Anchorage man hero to the hungry

The past holiday season proved
to be a cold and dense one, however,
one man with a mission didn’t falter.
With help from his community and
donations from across the city, he
sought to feed those who were hungry.
Many children were fed despite tight
funds due to the economic drudge.
Elgin Jones, founder of Kids
Kitchen located in the Fairview
Recreation Center, has been feeding
nutritious meals to Anchorage kids
for 12 years.
“When I was growing up, the
neighborhood always saw to it that the
children had something to eat,” Jones
said.
Funding for Kids Kitchen comes
from donations around the community
along with in-kind donations around
the city equaling around $5,000.
Jones, 69, also puts a lot his own
money into his small nonprofi t.
“I pay for things and I don’t have a
wife anymore unless you know someone,”
Jones said with a laugh.
With the national economic downslide,
however, Jones has found himself in a bind
to make sure every one of the kids that
came into his kitchen was fed.
Janna Walker is a coordinator for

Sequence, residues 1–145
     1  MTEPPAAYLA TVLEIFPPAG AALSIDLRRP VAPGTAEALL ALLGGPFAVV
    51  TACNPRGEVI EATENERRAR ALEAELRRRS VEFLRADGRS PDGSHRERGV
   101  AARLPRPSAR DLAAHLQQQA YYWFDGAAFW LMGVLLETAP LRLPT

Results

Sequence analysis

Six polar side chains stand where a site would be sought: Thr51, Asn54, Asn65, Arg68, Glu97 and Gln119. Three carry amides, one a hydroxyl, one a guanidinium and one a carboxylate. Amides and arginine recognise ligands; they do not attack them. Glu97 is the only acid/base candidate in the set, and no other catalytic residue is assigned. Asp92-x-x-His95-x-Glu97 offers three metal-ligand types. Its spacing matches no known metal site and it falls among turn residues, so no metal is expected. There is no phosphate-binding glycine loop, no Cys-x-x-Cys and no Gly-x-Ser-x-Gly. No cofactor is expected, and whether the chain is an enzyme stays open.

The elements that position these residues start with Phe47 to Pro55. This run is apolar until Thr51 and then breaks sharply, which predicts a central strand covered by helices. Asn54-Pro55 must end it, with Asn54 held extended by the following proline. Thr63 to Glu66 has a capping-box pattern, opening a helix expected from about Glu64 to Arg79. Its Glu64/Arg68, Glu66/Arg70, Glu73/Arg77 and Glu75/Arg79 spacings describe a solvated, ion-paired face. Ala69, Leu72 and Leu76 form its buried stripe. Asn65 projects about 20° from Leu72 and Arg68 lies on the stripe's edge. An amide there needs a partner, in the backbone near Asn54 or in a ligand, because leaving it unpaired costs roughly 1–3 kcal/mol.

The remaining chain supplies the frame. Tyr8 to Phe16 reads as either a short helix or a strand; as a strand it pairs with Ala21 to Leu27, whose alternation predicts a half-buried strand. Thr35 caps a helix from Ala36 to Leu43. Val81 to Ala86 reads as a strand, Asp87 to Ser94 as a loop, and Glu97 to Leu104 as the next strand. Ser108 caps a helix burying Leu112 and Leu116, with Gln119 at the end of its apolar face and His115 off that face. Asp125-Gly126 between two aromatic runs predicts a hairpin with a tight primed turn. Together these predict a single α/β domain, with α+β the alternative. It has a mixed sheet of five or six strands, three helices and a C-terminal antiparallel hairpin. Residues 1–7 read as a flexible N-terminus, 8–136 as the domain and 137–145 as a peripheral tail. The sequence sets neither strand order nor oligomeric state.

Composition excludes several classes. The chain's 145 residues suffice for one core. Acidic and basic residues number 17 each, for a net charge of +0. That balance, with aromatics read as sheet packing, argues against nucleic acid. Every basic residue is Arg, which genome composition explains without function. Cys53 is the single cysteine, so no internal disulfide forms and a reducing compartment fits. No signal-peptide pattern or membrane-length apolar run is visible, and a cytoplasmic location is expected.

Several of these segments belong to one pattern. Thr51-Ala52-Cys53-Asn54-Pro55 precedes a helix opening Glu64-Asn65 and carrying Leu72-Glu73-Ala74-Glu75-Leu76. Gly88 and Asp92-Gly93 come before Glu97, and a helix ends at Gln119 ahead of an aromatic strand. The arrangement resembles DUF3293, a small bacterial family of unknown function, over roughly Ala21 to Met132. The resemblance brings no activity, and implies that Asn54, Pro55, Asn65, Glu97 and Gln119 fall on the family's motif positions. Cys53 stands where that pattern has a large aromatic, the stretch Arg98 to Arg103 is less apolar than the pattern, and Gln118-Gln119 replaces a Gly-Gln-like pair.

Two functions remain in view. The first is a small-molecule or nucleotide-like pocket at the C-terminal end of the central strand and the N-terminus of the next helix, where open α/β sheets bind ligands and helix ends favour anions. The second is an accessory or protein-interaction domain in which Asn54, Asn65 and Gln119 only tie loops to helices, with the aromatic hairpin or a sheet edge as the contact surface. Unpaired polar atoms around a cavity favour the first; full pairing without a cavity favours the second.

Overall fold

Pennies for the Penniless, a campaign
that has been helping raise funds for Kids
Kitchen for 12 years.
“I think [Jones] program is fantastic,
especially for the community,” Walker
said. “It’s not just food that Elgin provides,
but a safe environment for the kids to
socialize, and to be mentored.”
Jones said that with the building paid
by the municipality he only has to worry
about purchasing food. He said the Food
Bank helps out a lot, along with some aid
from United Way. When it comes to food,
grocery stores can only do so much.
“The stores are businesses. They help
when they can but can’t cut deals,” Jones
said.
He said it was hard to keep up with the
cost, but has never had to tell a child that
the kitchen didn’t have any food to feed
them.
Jonesí lifetime friend, Tony Pruitt,
has helped prepare meals for the past two
years. Pruitt started going to Jones for
something to eat when he was a boy in
Mountain View.
“My friends told me about this old cat
giving out food,” Pruitt said. “I didn’t
believe them until I went there I found out
myself.”
Benjamin Robertson, a teacher at West
High School, said he is a huge supporter of
what Jones does.
“Kids Kitchen is one of the most
benefi cial programs for kids in Anchorage,”
Robertson said. “It allows the kids a safe
place and a hot meal.”
As for the future of Kids Kitchen, Jones
said he would like to see the program on
wheels, so he could go to homes and parks
to deliver food. He said the future of the
kids that attend his program, however,
resides in their education.
“Education is no longer about being
white, but about being right,” Jones said.